by findingDulcinea Staff
Budapest has become a bustling Central European city, especially since the 1989 downfall of the Communist government in Hungary. The Buda Castle Hill, Andrássy Avenue, and the hot mineral baths are some of its "gotta see" sites. Read on to discover the historic, intellectual, and recreational secrets of this European gem.
Read this in-depth history of Budapest to learn its origins and discover its modern influences.
Amble through Budapest’s modern streets, linger in front of historic architecture, or imagine yourself sipping coffee and eating pastries in a local café as this slideshow of the city transports you to Hungary’s capital.
Margaret Island is a 2.5 km (or 1.6 mile) island mostly covered by park areas, and is a popular recreational area for tourists as well as locals.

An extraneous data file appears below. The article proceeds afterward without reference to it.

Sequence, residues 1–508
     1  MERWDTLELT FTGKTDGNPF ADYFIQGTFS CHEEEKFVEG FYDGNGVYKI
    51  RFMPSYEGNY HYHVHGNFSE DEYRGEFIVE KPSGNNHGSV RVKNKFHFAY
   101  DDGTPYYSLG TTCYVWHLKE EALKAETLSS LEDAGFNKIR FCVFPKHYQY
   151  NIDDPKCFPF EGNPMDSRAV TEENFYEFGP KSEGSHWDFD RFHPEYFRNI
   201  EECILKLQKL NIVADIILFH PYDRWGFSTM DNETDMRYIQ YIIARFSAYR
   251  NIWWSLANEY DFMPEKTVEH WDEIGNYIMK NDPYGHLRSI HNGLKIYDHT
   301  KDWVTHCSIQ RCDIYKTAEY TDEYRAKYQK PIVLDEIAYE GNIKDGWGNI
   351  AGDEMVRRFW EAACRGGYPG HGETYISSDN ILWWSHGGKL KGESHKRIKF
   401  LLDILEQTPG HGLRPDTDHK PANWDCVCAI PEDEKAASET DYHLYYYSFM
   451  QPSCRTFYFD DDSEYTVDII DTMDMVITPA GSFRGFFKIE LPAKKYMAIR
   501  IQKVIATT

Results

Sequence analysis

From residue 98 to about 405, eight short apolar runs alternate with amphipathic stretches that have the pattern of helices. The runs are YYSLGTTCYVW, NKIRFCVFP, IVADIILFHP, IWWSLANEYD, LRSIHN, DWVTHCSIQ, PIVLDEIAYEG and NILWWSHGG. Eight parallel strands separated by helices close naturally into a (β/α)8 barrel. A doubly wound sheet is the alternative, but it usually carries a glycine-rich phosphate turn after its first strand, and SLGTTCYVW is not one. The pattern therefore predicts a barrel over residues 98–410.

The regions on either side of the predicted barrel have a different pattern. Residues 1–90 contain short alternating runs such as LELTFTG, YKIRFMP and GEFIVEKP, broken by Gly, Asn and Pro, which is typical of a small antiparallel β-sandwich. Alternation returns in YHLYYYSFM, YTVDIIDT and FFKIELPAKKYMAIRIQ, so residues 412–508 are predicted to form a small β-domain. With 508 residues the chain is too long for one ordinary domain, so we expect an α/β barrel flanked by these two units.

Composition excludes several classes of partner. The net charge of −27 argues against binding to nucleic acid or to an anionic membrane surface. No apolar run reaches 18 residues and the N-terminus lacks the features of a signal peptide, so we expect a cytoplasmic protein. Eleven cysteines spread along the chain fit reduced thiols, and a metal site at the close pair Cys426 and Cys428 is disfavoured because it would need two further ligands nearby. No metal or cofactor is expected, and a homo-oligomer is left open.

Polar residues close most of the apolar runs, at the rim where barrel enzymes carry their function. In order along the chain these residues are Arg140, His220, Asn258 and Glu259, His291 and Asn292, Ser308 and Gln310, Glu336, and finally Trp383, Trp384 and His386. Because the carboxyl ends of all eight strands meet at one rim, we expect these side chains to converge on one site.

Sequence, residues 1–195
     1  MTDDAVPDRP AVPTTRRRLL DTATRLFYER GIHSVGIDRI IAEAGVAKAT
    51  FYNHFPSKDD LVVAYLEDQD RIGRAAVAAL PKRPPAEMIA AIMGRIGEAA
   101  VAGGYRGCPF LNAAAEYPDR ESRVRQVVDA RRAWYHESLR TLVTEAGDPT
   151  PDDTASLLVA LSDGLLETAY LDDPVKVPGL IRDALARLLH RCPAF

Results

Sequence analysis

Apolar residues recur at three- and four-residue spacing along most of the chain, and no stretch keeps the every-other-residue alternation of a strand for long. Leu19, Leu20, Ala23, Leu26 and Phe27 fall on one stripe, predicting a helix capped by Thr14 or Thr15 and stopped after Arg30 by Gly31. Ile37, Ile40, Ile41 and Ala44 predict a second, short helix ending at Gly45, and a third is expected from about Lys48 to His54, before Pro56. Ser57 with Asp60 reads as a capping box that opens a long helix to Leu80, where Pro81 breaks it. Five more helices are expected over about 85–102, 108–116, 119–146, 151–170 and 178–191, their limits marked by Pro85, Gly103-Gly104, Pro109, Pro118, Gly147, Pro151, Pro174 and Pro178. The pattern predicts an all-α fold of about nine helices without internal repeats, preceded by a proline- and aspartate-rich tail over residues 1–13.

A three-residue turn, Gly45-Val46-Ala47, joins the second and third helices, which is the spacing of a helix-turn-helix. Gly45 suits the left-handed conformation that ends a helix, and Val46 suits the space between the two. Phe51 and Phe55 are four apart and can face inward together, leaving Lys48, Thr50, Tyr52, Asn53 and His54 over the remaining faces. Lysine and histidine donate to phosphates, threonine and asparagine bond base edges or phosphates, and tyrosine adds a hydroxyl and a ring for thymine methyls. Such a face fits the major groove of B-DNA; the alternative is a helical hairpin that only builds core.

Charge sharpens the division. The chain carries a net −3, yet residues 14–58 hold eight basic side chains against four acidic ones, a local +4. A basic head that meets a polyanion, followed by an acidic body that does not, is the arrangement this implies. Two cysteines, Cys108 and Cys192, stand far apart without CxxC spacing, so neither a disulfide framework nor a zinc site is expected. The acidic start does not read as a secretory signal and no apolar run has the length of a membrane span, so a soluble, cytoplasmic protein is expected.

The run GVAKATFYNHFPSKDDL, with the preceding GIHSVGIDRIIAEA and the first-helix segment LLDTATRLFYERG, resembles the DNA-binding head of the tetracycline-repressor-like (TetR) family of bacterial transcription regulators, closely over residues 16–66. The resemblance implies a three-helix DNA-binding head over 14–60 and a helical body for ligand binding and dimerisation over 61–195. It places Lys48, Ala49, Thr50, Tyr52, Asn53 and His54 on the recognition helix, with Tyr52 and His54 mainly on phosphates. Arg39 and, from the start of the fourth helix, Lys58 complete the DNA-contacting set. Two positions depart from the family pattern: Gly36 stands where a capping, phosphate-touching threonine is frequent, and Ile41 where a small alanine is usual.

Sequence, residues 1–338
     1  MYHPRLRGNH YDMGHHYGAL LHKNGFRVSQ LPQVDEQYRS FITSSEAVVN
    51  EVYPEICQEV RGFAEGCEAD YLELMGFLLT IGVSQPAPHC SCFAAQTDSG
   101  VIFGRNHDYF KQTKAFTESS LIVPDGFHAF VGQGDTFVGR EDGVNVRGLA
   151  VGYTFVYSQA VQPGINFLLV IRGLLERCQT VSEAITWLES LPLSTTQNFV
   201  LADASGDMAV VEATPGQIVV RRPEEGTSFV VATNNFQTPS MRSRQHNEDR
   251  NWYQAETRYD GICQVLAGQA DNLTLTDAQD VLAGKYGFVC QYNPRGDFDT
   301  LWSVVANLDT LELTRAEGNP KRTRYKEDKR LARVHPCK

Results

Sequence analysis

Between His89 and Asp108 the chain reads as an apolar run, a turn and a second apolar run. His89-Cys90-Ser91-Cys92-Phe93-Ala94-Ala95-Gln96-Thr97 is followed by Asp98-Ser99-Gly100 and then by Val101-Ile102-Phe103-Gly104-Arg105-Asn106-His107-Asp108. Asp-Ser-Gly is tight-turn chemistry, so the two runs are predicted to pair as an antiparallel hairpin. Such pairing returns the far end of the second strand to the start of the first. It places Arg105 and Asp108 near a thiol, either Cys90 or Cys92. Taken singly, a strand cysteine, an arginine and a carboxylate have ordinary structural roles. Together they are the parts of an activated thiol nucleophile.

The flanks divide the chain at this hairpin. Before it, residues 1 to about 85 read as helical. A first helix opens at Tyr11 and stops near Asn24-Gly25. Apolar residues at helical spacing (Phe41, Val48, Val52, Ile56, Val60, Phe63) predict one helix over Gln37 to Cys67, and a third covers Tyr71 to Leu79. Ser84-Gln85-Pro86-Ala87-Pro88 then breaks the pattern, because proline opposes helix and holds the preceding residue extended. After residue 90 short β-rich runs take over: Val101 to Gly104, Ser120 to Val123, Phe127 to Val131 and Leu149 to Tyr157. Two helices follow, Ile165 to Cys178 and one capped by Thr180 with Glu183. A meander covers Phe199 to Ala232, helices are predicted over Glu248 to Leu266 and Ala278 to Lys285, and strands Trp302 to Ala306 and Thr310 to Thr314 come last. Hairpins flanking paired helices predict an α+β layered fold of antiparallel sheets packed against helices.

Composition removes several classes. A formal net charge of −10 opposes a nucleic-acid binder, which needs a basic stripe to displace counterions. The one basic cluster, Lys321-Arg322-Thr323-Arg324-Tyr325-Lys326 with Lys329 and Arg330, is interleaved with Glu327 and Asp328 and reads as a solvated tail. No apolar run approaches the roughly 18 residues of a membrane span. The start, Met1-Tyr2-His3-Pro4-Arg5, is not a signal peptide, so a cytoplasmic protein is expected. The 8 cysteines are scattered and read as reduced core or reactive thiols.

In addition to their relaxation benefits, Hungarian doctors claim that the calcium, magnesium, potassium, fluoride, sodium, and other minerals found in Budapest’s hot water baths have curative powers for all manner of muscular ailments.
In Budapest’s historic coffee houses, the pens and paper were free and a discount “writers menu” of cold cuts, cheese, and bread was offered. Literary greats such as Ferenc Molnar spent significant time in Budapest’s cafés.
Take a guided photo tour of the historic Castle Hill neighborhood of Budapest.
Europe’s largest synagogue is located in Budapest. Read more about this landmark religious structure and the details of its construction: it contains nearly 3,000 seats!
Andrássy Avenue was originally devised as a horseback and cart route between the city center and the main city park. The avenue is now often compared to New York City’s “museum mile” because of its large array of cultural attractions.
Budapest played a major role in Tom Clancy's novel Red Rabbit.